Big Oil would get the last laugh on the two most powerful state regulators of refineries, the Bay Area Air Quality Management District and the South Coast Air Quality Management District. It has found a way to cut them off at the knees just when they were taking direct action to set strict limits on refinery emissions.

The South Coast Air Quality Management District recently decided to sunset an ineffective 1993 trading program to regulate nitrous oxide, a greenhouse gas, in favor of tough emissions limits that would have ultimately required installation of anti-pollution equipment, according to the Los Angeles Times. The old program had saved refineries up to $1 billion. The Bay Area District was about to make a similar move, but had delayed their vote on their plan to create the nation's first greenhouse gas limits for refineries.

Asks Numbers 6 and 8 in Big Oil's power point say a "price cap" on emissions and expanded use of "offsets" within California will protect consumers from "uncontrollable price spikes" and "contain" the cost of cap and trade to the state economy.

Another piece of Brown's draft language grants the Asks. It proposes price caps to hold down the price of emissions--the opposite of the desired economic signal--and promotes more "offset" projects in California. The real effects of "offset" investments in projects, like forest protection, are notoriously hard to measure and don't cut pollution in communities where emissions are generated.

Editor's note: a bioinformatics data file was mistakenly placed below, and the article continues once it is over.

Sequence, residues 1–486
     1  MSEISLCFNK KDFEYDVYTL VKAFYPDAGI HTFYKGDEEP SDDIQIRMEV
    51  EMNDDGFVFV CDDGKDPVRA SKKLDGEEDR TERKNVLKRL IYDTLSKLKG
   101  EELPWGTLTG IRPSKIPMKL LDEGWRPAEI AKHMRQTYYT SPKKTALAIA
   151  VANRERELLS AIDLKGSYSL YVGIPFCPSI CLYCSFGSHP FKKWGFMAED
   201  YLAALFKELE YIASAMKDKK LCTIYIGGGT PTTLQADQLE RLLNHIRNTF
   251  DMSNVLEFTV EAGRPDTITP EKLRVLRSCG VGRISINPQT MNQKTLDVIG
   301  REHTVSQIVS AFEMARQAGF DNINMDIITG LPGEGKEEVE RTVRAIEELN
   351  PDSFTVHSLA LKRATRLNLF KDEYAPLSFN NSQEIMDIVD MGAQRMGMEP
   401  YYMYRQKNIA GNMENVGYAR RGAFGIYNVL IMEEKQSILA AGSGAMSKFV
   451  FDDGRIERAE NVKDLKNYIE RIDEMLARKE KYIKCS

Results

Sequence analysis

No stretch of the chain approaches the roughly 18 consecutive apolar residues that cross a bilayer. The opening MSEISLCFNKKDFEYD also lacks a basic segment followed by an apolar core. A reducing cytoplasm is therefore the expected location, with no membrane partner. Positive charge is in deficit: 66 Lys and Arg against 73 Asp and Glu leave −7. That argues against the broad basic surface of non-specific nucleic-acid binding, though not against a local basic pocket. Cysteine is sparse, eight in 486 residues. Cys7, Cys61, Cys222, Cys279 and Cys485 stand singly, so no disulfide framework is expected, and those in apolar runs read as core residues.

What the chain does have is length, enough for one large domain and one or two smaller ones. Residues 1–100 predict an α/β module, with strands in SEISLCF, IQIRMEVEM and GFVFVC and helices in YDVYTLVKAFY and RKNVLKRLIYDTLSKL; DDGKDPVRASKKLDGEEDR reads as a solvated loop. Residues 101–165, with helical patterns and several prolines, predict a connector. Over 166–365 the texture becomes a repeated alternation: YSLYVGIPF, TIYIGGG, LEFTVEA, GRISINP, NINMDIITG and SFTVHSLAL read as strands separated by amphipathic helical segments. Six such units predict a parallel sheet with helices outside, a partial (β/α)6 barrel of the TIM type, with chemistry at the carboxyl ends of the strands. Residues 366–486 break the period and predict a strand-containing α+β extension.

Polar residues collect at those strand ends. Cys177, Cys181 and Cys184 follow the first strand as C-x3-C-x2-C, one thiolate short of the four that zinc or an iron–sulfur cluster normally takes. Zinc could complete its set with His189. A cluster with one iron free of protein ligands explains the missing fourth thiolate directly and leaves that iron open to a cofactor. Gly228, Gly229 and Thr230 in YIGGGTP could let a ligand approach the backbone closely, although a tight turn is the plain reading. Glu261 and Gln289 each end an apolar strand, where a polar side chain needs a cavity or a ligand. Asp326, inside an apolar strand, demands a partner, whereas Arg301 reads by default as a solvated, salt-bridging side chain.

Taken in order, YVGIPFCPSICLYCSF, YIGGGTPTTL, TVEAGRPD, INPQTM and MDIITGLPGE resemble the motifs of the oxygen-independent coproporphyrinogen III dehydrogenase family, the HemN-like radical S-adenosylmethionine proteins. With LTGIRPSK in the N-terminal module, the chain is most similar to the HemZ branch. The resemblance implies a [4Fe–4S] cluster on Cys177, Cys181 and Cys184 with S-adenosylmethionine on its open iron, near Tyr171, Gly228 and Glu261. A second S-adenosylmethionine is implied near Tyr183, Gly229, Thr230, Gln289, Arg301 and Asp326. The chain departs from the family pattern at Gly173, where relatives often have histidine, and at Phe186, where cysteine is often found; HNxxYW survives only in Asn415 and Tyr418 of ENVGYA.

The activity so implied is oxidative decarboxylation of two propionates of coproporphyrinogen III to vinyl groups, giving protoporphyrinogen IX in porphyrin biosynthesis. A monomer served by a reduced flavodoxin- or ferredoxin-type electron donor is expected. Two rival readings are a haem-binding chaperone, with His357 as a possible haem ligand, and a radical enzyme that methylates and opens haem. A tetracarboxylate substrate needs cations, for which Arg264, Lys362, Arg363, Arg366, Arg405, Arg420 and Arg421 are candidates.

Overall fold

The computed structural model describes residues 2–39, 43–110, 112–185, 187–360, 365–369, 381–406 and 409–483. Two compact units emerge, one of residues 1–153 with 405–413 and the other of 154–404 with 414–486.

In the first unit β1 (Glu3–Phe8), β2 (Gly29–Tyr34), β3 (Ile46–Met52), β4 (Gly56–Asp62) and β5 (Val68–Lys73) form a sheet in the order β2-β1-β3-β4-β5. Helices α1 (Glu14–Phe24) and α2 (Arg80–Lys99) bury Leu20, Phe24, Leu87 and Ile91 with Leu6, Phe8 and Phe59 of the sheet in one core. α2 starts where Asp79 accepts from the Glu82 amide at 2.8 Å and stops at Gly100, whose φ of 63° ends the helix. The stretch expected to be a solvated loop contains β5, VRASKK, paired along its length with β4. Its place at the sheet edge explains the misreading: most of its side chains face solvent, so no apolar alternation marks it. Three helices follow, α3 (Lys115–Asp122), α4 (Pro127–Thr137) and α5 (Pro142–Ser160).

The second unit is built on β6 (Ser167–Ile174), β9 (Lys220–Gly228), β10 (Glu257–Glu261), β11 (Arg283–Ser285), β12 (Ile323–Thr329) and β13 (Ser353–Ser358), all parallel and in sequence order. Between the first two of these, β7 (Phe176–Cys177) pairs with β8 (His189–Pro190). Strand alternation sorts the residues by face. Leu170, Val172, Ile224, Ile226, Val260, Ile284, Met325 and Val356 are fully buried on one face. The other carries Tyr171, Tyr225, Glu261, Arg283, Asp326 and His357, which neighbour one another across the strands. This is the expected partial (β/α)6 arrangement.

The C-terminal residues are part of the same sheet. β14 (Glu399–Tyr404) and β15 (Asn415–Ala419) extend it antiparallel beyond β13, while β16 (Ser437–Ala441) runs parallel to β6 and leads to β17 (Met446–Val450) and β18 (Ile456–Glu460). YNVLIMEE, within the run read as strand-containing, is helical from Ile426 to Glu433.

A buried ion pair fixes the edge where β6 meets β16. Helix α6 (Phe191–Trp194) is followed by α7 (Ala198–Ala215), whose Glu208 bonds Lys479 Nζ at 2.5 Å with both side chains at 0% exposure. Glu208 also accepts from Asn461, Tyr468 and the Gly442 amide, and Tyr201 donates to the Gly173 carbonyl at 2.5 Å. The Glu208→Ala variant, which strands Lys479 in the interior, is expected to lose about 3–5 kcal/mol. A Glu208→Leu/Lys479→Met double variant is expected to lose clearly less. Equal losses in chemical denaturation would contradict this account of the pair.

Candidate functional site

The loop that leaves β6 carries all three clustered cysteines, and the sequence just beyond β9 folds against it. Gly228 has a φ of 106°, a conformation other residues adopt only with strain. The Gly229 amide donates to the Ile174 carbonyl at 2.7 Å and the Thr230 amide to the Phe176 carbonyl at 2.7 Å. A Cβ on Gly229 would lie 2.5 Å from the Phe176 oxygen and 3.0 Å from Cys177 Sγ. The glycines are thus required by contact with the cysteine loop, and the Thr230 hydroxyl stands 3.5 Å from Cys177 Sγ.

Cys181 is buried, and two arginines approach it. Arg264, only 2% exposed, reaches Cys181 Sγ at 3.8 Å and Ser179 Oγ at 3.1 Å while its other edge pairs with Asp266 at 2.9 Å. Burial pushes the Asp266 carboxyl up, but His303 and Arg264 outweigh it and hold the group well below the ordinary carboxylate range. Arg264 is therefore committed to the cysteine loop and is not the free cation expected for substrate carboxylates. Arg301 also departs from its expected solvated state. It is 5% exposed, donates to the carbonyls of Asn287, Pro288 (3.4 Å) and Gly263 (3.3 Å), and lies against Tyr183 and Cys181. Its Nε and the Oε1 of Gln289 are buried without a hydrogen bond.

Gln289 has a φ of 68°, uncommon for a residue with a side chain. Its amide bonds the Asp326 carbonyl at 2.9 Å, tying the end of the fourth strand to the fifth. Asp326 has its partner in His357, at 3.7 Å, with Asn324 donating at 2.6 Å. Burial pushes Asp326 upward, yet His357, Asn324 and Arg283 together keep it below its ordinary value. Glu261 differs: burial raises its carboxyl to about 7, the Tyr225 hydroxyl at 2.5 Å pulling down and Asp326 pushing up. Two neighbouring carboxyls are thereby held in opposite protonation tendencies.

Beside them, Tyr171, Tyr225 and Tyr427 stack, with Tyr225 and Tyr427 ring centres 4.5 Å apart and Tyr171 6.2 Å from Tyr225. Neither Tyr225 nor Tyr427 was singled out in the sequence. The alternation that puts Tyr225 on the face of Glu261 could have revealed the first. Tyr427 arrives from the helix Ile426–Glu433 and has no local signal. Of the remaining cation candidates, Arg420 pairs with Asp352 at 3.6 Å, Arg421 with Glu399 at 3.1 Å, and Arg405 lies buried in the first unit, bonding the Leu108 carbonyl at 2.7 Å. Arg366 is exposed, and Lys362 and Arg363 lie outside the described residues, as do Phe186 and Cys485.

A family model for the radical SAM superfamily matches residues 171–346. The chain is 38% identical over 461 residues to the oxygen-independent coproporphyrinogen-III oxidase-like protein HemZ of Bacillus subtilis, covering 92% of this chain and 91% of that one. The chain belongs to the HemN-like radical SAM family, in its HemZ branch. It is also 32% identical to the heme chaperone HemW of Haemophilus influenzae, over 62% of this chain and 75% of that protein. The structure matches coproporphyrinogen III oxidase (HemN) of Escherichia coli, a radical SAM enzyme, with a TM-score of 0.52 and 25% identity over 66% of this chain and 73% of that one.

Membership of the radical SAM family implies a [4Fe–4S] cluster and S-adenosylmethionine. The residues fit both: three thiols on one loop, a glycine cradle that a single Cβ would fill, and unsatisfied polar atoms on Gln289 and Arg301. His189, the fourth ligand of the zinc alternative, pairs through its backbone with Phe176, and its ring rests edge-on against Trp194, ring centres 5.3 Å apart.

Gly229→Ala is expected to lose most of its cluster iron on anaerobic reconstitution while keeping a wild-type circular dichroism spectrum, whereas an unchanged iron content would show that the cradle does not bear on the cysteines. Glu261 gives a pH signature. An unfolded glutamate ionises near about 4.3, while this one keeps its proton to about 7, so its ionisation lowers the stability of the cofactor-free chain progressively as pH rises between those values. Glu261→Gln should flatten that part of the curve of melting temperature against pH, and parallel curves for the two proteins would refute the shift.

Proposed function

Big Oil's Ask Number 5, on the subject of "Transparency," proposes "Reporting on GHG and criteria pollutant emissions of large stationary sources." A third piece of draft language establishes "monitoring” of toxic air pollutants in low-income communities--but does not direct polluters to pay for the program.

Once introduced, the Governor's bill would supersede other bills in the Senate and Assembly aimed at eliminating loopholes in the existing cap and trade program such as free allowance giveaways, and shielding lower-income communities of color from continued deadly emissions.

This isn't the first time that Brown has championed the oil industry as he galavants around the globe as an anti-climate change crusader.

This outrageous giveaway may be Brown's Thank You to Big Oil for their contributions that helped him twice win the Governorship, pass his Prop 30 tax-raising measure that crowned him a Fiscal Wizard, and generate hundreds of millions of dollars for his coveted High Speed Rail project. A whopping $800 million of the $1.2 billion the cap and trade program has raised was plowed into Brown's Rail project. Brown wants that spigot to stay open. 

Big Oil doesn't care how Brown uses the money as long as they can continue to pay less to pollute than really do something about it. So, far they have gotten what they want. Researchers from the University of Southern California and the University of California at Berkeley recently found that California's cap and trade program has not cut greenhouse gas emissions. In fact, in-state emissions from high greenhouse gas emitting industries, such as refineries and power plants, have gone up.

This way forward gives Jerry Brown the opportunity to tout himself as the leader who pushed through cap and trade as a way to save the world from climate change, cementing his legacy as an environmentalist while financing other big infrastructure projects that hark back to the days of his father, "Pat" Brown. By the time this cap and trade program goes into effect in 2021, Governor Brown will be history.

If Big Oil's blueprint goes through at Brown's behest, this law will be the biggest pig in lipstick the public ever saw.